Kumetrix is engineering silicon microneedles designed to draw blood and perform chemical measurements. Their micro-needle is about the size of a human hair, as can be seen in the picture below, and has been integrated with a micro-reservoir or cuvette.
Kumetrix approach permits painless testing. The system consists of a hand-held, battery-powered, electronic monitor similar to today's meters, that holds a cartridge loaded with up to 10 disposable sampling devices. Each disposable consists of the micro-needle and a receptacle into which the blood sample is drawn.
To take a measurement, the cartridge is loaded into the monitor and pressed against the skin. This action causes the micro-needle to penetrate the skin and draw a very small volume of blood, 1/100th the size of a drop (100 nanoliters), into the disposable needle. Chemical reagents within the microneedle react with the glucose in the sample to produce a color. The monitor analyzes the color using a laser light and then displays the blood-glucose concentration.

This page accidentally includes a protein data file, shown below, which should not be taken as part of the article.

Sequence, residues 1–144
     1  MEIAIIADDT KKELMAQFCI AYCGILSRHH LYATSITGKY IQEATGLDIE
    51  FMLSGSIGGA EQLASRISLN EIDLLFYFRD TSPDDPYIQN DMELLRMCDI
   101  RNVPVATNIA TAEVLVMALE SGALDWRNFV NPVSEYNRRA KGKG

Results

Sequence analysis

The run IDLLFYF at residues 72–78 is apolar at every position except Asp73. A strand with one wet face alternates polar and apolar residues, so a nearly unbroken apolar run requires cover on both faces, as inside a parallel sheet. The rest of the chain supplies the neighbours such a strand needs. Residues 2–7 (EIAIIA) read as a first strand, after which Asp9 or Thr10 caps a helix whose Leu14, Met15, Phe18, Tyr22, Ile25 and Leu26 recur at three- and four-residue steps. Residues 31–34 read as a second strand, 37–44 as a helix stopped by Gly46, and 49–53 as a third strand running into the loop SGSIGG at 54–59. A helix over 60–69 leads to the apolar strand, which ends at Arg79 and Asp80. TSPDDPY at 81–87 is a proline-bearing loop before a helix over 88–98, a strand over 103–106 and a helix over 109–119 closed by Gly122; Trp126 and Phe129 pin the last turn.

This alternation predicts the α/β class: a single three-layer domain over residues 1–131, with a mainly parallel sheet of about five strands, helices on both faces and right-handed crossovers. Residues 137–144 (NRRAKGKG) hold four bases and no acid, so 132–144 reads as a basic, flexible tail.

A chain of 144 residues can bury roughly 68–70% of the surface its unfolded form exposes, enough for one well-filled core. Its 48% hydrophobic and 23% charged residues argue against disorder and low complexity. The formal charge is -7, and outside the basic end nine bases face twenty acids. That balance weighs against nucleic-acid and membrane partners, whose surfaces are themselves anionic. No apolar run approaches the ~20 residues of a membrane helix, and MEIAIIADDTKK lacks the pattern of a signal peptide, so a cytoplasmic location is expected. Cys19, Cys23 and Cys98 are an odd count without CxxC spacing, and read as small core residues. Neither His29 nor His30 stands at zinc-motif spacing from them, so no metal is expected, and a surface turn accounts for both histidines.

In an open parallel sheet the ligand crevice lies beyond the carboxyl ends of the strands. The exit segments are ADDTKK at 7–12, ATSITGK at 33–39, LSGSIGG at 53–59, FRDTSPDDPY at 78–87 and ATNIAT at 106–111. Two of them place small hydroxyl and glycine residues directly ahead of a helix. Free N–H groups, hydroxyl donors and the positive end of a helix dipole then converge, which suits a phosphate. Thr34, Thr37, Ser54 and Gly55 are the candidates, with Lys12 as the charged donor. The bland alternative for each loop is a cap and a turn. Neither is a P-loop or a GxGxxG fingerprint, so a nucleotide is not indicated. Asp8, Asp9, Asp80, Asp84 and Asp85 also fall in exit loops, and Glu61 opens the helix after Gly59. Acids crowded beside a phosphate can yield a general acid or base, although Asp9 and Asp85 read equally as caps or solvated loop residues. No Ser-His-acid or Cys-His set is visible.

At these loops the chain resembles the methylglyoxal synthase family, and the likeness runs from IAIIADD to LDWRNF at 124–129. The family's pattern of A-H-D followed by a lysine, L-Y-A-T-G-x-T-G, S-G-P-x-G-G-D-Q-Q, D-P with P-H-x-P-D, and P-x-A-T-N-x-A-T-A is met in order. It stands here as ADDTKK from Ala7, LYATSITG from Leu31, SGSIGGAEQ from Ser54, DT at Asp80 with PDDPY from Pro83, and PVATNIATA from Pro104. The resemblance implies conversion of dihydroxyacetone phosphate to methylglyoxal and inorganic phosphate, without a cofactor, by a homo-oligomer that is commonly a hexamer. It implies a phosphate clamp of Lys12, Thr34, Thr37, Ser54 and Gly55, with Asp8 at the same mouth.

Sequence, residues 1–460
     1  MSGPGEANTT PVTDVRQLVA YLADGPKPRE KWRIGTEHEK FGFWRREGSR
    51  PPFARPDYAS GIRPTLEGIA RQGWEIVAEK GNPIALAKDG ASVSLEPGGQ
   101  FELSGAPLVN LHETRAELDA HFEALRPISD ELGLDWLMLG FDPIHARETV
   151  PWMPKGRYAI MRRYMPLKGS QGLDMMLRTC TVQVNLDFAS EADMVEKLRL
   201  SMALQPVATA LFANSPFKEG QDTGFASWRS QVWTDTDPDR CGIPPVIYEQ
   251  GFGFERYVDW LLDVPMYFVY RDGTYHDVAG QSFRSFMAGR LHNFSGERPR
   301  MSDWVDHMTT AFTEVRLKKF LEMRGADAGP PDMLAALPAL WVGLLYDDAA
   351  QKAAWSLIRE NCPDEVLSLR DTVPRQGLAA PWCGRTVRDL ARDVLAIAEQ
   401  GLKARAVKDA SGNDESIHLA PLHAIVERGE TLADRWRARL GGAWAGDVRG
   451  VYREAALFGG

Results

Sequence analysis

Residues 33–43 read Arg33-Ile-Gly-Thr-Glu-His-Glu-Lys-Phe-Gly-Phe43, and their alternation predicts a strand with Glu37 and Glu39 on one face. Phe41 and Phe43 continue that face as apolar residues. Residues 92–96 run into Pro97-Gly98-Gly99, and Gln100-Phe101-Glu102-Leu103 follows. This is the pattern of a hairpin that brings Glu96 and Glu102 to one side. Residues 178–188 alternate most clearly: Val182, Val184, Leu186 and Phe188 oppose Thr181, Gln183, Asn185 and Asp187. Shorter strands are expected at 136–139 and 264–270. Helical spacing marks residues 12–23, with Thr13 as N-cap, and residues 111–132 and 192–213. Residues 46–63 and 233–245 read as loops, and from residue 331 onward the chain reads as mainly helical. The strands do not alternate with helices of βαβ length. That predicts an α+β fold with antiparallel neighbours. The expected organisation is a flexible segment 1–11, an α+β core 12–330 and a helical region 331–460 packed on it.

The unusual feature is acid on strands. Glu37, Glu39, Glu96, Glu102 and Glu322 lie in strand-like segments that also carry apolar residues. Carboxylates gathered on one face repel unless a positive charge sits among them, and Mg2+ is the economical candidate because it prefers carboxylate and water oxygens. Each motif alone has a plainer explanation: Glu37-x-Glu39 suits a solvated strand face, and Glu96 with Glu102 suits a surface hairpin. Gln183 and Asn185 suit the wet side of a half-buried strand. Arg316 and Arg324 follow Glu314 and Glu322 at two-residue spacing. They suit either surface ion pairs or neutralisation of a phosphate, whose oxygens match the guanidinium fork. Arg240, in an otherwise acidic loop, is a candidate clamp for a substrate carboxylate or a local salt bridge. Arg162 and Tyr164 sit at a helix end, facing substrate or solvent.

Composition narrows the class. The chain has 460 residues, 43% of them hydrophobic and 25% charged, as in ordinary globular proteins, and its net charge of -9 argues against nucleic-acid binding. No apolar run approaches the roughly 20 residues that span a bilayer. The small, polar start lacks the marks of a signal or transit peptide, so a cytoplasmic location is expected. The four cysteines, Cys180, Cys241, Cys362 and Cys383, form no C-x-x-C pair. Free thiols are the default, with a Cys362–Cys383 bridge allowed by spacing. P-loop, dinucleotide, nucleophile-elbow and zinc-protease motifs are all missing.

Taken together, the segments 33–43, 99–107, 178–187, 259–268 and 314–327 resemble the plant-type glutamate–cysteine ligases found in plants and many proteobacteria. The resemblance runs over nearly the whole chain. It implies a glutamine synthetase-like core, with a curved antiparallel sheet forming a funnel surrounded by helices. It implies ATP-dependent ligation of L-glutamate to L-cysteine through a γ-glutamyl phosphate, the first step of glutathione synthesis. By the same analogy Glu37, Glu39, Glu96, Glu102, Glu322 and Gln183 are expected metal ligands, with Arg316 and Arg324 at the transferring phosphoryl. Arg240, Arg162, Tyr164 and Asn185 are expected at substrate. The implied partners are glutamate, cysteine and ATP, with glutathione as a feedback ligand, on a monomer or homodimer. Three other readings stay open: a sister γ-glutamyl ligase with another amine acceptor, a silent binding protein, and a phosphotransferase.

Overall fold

Kumetrix compares the silicon micro-needle to a mosquito bite where the person is unaware of being bitten until, in the case of the mosquito, enzymes injected by the mosquito to thin the blood later cause irritation, redness, and swelling. Kumetrix, thankfully, has refrained from adding the mosquito's irritating enzymes.
The micro-needles are manufactured like computer chips. Kumetrix says it has developed its silicon micro-needle device with less than $3 million in financial support from the State of California, DARPA, the NIH and the National Science Foundation. The company did its initial research at the Class 100 clean room computer chip manufacturing facility at Stanford University. It currently has a licensing agreement with Bayer Diagnostics.